The legislature in its wisdom incorporated this provision for grant of bail to a person apprehending arrest is to prevent disgrace of being jailed or remaining in custody before he can be released on bail. The old code of criminal procedure did not have any provision for the same and the lawmakers realized that false and frivolous cases are filed against some people and such persons have to necessarily be arrested before they could seek bail. Thus a mechanism for preventing undue harassment and disgrace from arrest and detention was devised.
In the landmark Gurubaksh Singh Sibbia case, the apex court opined that “It is conceptualized on the idea of protecting personal liberty guaranteed under the Constitution of India”. This said, it is a discretionary power and is not a matter of right. The court would use the discretion according to the facts and circumstances of the case and under stipulated guidelines.
Cancellation of Bail
Rejection of Bail is different from the cancellation of bail. (Aslam Desai v. State of Maharashtra, 1992 AIR SCW 2621)
The Code of Criminal Procedure, 1973 contains two provisions for cancellation of Bail. The first one is laid down in Section 437(5) and the other in section 439(2). According to Section 437(5) “any court which has released a person on bail under sub-section (1) or sub-section (2) of Section 437, may if it considers it necessary so to direct such person to be arrested, and committed to custody”. Thus under this section a Magistrate does not have an authority to cancel bail granted by a police officer.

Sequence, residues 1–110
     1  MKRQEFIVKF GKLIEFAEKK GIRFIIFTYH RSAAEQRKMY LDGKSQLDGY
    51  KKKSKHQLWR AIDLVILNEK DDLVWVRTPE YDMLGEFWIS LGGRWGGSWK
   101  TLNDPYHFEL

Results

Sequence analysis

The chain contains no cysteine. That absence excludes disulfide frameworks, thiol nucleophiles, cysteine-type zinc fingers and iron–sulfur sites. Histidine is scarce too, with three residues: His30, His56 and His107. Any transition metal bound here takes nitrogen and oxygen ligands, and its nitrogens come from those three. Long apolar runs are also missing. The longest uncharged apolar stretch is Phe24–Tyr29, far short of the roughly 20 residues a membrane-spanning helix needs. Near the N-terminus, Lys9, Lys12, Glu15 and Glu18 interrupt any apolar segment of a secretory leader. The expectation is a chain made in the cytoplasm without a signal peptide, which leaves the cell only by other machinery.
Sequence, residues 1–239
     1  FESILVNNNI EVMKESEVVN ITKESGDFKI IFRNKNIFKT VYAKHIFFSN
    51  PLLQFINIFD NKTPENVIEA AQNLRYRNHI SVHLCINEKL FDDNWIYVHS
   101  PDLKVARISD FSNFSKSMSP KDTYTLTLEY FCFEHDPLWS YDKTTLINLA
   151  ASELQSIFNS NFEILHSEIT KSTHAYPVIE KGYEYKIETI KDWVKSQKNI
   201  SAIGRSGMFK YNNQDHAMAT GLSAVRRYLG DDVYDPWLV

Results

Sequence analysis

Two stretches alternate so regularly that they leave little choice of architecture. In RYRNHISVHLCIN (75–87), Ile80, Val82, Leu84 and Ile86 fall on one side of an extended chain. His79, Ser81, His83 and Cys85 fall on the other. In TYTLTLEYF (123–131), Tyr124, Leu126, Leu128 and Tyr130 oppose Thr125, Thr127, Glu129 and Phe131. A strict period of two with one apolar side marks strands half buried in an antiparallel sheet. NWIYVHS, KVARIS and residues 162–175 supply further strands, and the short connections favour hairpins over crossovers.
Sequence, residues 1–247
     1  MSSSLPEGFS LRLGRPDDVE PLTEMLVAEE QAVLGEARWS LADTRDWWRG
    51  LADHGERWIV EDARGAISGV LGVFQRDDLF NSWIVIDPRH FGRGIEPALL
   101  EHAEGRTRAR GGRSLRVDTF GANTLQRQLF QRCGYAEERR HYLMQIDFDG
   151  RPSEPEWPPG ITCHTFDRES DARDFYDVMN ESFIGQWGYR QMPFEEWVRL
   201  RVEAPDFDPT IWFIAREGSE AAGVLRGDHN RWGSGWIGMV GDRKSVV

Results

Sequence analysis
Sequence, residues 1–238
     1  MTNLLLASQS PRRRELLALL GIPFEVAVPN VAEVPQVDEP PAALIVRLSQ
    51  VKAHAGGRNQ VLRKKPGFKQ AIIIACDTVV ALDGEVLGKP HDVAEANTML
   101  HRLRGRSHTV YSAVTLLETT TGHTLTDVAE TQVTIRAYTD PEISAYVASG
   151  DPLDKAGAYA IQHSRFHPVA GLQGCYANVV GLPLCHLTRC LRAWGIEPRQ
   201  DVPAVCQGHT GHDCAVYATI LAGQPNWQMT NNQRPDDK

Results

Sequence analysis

For cancellation of bail in such situation, power of the High Court or the Court of Session under Section 439(2) will have to be invoked. Section 439(2) lays down that a High Court or a Court of Session may direct that any person who has been released on bail under this chapter be arrested and commit him to custody. Thus the power given to the High Court and court of Session is very wide.
441. Bond of accused and sureties.
(1) Before any person is released on bail or released on his own bond, a bond for such sum of money as the police officer or Court, as the case may be, thinks sufficient shall be executed by such person, and, when he is released on bail, by one or more sufficient sureties conditioned that such person shall attend at the time and place mentioned in the bond, and shall continue so to attend until otherwise directed by the police officer or Court, as the case may be.
(2) Where any condition is imposed for the release of any person on bail, the bond shall also contain that condition.
(3) If the case so requires, the bond shall also bind the person released on bail to appear when called upon at the High Court, Court of Session or other Court to answer the charge.
(4) For the purpose of determining whether the sureties are fit or sufficient, the Court may accept affidavits in proof of the facts contained therein relating to the sufficiency or fitness of the sureties, or, if it considers necessary, may either hold an inquiry itself or cause an inquiry to be made by a Magistrate subordinate to the Court, as to such sufficiency of fitness.
Gurcharan Singh v. State AIR 1978
KRISHNA IYER. J. observed: “The best gurantee of presence in court is the reach of law, not the money tag.“